As can be seen in FIG. 2, by removing a thin portion of the support layer 28, and also a portion of the cladding 27 if necessary to achieve the desired degree of coupling (e.g., by etching to the dashed contour in FIG. 2), the guiding region formed by the core 26 and cladding 27 can be located sufficiently close to the surface of the fiber to allow coupling to a guided wave. As an alternative, a selected segment of the fiber can be drawn to reduce the fiber diameter within that segment and thereby expand the field of the guiding region to permit the coupling of guided waves to and from the guiding region in that segment of the fiber.
The outer surface of the fiber as defined by the support layer 28 in FIG. 2 has a D-shaped cross-section, with the flat surface 29 of the D extending parallel to the major axis of the elliptical guiding region on the side of the fiber closest to the guiding region. This D-shaped optical fiber is easily interfaced to a polarization-sensitive optical device by using the flat surface 29 of the D as an indexing surface. As shown in FIG. 3, an optical device 30, such as a solid state laser, has a point source of horizontally-polarized light 31 which may be coupled to the optical fiber 25 if the fiber 25 has its core 26 aligned with the source 31 and if its preferred direction of polarization is also horizontal. To facilitate the alignment, an indexing slide 32 may be scribed or photo-etched on a horizontal surface such as the top of a chip 33. The slide 32 may be fabricated using conventional photolithographic and other microelectronic fabrication techniques. Similarly, two fibers may be spliced coaxially using a chip with an indexing slot to align the flats of the D's.
The guiding region of the D-shaped fiber 25 of FIG. 2 is preferably offset or displaced from the geometric center 35 (i.e., centroid of mass or center of gravity of the transverse section) toward the flat 29 of the D along the perpendicular-bisector 36 of the flat. Preferably, the guiding region is located within a few average core diameters of the flat surface 29 so that the outer surface of a portion of the fiber may be etched to expose the guiding region at the surface 29, thereby permitting the transmission or gradual exchange of light between the guiding region and the fiber surface. For example, the guiding region can be located within about three average core diameters of the flat surface 29. For the elliptical core 20, the average core diameter is the sum (a+b) of the major and minor radii.
The fact that the flat surface 29 of the D is within a few average core diameters of the guiding region does not affect the attenuation or loss of the fiber since the flat surface 29 is not within the cladding 27. Although there is some light propagated within the cladding 27, substantially no light reaches the support layer 28 which forms the flat 29 of the D. But if an etchant such as hydrofluoric acid is applied to the outer surface of the fiber along a selected length, the flat surface 29 will be moved inwardly (e.g., to the dashed contour shown in FIG. 2), thereby allowing light between the core 26 and the flat surface 29 via the cladding 27. A fiber with a central core is difficult to etch in this fashion since there may not be any supporting layer remaining after the etching process.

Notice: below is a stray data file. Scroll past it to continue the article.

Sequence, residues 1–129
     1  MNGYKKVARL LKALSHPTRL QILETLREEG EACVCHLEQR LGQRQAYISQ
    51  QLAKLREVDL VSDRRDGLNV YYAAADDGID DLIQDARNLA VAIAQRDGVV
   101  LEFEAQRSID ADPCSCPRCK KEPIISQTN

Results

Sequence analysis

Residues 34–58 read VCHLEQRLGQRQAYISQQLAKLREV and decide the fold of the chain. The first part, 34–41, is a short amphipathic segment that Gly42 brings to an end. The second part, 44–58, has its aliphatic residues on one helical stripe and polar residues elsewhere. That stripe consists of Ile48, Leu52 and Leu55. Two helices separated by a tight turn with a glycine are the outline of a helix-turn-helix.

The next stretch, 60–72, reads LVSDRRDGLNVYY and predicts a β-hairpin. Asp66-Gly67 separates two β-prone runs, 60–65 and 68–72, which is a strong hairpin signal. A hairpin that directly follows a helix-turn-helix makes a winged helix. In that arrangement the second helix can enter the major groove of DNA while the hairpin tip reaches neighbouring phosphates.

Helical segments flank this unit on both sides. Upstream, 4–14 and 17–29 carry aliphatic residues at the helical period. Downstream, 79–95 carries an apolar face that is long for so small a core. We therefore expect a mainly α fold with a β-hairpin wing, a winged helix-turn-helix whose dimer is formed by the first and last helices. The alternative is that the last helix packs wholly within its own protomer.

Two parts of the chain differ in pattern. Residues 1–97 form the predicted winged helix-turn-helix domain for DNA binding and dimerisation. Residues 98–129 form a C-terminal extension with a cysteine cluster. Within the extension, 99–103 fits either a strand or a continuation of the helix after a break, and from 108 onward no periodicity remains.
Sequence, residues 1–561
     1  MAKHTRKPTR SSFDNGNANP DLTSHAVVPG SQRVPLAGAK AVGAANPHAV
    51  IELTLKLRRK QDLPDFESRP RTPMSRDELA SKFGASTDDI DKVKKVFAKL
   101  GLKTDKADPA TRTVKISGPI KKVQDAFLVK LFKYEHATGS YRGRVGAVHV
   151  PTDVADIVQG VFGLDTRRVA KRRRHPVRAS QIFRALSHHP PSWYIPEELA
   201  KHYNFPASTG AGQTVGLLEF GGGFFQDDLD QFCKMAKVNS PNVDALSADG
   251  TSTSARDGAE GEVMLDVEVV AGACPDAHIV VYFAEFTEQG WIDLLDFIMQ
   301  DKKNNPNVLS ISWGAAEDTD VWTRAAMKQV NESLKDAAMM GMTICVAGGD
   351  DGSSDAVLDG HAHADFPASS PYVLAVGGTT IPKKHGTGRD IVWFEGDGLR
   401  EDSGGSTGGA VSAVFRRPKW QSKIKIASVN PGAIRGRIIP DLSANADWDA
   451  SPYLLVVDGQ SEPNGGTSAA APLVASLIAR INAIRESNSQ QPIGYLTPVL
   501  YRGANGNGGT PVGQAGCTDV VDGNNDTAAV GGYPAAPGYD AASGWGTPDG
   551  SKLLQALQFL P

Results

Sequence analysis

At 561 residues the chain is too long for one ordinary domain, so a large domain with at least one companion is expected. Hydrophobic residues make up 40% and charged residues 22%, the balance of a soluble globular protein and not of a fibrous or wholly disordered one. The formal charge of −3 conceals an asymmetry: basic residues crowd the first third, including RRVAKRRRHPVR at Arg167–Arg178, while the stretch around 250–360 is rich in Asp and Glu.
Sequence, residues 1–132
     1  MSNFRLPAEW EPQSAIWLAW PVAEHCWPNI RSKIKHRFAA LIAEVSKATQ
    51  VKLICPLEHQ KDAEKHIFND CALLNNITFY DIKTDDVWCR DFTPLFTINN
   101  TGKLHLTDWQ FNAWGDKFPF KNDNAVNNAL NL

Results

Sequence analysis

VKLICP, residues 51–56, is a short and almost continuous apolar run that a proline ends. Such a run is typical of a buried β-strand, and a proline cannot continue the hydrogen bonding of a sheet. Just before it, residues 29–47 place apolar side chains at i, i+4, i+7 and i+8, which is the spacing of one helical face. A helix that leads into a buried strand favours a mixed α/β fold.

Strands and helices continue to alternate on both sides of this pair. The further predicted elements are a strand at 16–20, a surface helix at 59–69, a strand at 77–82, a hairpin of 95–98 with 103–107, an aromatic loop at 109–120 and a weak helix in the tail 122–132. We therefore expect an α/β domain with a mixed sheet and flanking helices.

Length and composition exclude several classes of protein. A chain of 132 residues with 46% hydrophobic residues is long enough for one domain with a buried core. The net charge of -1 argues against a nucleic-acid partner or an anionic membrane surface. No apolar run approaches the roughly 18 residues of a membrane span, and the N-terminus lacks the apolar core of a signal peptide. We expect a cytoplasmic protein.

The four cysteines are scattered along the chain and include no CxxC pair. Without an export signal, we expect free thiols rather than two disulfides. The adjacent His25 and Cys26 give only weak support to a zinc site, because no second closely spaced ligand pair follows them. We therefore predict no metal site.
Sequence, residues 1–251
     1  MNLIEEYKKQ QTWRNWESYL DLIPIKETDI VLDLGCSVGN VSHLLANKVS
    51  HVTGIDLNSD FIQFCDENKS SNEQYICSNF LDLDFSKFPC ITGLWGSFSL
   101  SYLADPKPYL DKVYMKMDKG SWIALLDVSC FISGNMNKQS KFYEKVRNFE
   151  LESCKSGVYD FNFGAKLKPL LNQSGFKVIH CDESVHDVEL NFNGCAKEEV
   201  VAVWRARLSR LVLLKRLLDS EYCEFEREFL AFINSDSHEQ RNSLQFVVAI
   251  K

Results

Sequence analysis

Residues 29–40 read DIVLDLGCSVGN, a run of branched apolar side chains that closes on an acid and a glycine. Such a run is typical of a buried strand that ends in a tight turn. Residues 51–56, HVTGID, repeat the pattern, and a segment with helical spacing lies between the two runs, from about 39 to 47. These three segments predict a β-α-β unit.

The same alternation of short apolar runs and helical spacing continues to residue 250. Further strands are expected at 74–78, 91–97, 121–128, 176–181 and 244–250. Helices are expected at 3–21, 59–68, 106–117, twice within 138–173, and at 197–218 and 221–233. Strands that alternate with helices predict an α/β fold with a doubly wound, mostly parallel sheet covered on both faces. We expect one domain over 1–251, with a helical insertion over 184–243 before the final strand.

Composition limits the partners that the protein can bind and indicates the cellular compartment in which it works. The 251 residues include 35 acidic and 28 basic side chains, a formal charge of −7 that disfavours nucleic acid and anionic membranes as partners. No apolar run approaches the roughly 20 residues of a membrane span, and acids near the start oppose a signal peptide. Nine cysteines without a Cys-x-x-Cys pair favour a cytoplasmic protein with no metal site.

Perhaps the most important application which requires the gradual exchange of light between the core and the surface of an optical fiber is a directional coupler. Directional couplers are the fiber-optic equivalents of optical beam splitters and are indispensable elements for making single-mode fiber-optic transducers. A beam splitter 40 is schematically shown in FIG. 4. The beam splitter 40 is essentially a partially silvered mirror which transmits a portion of the incident light and reflects the rest. A source of incident light A' is usually directed at 45° with respect to the plane of the beam splitter 40 so that the incident beam A' is split into a transmitted beam C' and a reflected beam D'. In addition to the beam-splitting function, the beam splitter 40 is also used to combine two incident beams A', B'. The incident beam B', shown in dashed representation, may also be directed at 45° with respect to the plane of the beam splitter 40 and at right angles to the incident beam A' so that the output beams C' and D' are combinations of the incident beams A' and B'.
There is shown in FIG. 5 an exemplary fiber-optic directional coupler comprised of two D-shaped optical fibers 44, 45, like the fiber 25 of FIG. 2, positioned adjacent each other on a flat substrate 46. The flat surfaces of the fibers 44, 45 contact each other along etched lengths 1, and their guiding regions are aligned to permit the gradual exchange of light between the guiding regions along the length 1 of the fibers. In the particular embodiment illustrated, alignment of the guiding regions of the fibers 44, 45 is facilitated because the D-shaped fibers 44, 45 are curved rather than straight in their unstressed configuration, with the flats of the D's located on the convex surfaces of the curved fibers. The curving or curling of the fibers is achieved by forming the fibers from materials which provide a large difference in the coefficients of thermal expansion of the support layer 28 and the guiding region formed by the core 26 and cladding 27. These two different portions of the fibers then contract at different rates during cooling after the fibers are drawn, producing the desired curvature illustrated in FIG. 5. With this curvature, the flats of the D's are aligned vertically when the curved fibers 44, 45 are laid flat on the substrate 46. Thus the fibers can simply be moved into engagement with each other along the etched lengths 1 and fastened together by a drop of adhesive 47.